In the foreground, is a motor launch that takes tourists on a boat ride of the harbor around the Isla de Sacrificios.
Thick Walls
Tactical Problems
Site selection was the first problem to solve.

The Spaniards had to choose a place that was defensible on all sides, yet convenient for loading and unloading of the ships.

They also had take into account the laborious administrative requirements of the day.

It looked like the Island of San Juan de Ulua on the Gallega Reef was the best choice.

The Gulf side was projected by the jagged reef on the north and east sides.
Storage Bin
And the harbor side was protected on the leeward from "nortes" for ease of loading ships anchored at the dock.

Thick Walls
The Spaniards immediate problem was to build a strong fortress where they could store the treasure until time for the annual gold fleet.

Notice the thick walls which would withstand the heaviest of cannonballs.

Another problem was in organization of the storage area. If a ship were overloaded with gold, the ship could sink.
Storage Areas
Later in the 16th Century, when the Mexican gold and silver mines began production, it was found that gold and silver weighed differently and that you could store silver higher than gold without sinking the ship.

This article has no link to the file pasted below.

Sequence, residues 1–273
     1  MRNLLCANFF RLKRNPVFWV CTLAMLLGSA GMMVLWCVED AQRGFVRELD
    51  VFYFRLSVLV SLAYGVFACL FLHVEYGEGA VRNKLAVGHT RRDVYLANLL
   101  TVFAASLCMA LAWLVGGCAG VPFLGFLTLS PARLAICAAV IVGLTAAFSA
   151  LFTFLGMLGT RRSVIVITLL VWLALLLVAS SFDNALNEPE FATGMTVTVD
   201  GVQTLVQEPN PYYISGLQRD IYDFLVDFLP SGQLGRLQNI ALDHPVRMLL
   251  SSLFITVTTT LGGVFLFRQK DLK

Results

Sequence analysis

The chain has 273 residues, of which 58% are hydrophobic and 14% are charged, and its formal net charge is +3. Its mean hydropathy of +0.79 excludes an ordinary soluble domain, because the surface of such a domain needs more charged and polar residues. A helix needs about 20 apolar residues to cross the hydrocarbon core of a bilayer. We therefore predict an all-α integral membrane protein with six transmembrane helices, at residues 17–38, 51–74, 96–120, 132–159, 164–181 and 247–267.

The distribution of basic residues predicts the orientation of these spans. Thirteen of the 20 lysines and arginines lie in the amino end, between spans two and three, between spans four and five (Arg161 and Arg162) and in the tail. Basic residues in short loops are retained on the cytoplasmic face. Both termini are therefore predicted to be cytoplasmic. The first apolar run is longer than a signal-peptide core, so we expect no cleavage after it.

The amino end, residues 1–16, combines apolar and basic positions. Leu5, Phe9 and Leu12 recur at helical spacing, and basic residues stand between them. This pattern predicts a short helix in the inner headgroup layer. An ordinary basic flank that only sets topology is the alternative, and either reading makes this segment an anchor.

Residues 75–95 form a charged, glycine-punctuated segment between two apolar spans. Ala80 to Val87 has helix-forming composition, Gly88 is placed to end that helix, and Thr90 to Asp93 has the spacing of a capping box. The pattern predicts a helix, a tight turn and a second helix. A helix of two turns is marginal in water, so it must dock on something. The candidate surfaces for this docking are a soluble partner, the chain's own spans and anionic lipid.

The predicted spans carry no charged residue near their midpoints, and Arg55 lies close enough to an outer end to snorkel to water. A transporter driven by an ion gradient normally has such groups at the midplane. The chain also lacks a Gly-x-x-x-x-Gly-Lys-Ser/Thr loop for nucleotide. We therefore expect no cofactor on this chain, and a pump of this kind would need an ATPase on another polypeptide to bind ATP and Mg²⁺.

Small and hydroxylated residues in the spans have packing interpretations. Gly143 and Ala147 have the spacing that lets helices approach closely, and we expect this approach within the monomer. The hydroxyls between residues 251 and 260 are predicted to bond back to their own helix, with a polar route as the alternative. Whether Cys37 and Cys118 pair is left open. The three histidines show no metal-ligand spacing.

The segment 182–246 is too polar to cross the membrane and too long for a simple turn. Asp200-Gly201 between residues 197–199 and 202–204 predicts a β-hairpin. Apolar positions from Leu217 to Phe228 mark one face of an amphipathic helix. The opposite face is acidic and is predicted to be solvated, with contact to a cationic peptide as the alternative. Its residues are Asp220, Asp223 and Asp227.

The solution to the storage problem was easy. Each storage room was built to the approximate dimensions of the hold of a Spanish galleon.

Storage Areas
The capacity of a silver ship was known, so the walls of the storage room were painted a certain color up to a about 6 feet for a silver ship.
Storage Areas
Beyond Imagination
Because gold is heavier, it couldn't be stacked as high. So, the walls were painted up to 4 ft. for the color level for gold.

The amount of gold stored here is almost beyond imagination.

In 1628 the Spanish gold fleet lost its entire cargo of 90 tons to the Dutch pirate Piet Heyn which must have financed the whole country of Holland.

There is a Dutch folk song about Pirate Piet Heyn which every school child in Holland learns. Just ask any Dutchman.

He can probably sing you a couple of verses in Dutch, of course.
The Observation Tower
Another was a warning system. A high observation post had to be built to afford an early warning system in case of attack.

Construction Problems
The Project Manager was faced with several problems with such a vast project.

Although he had been given a good design, and lots of free Indian labor.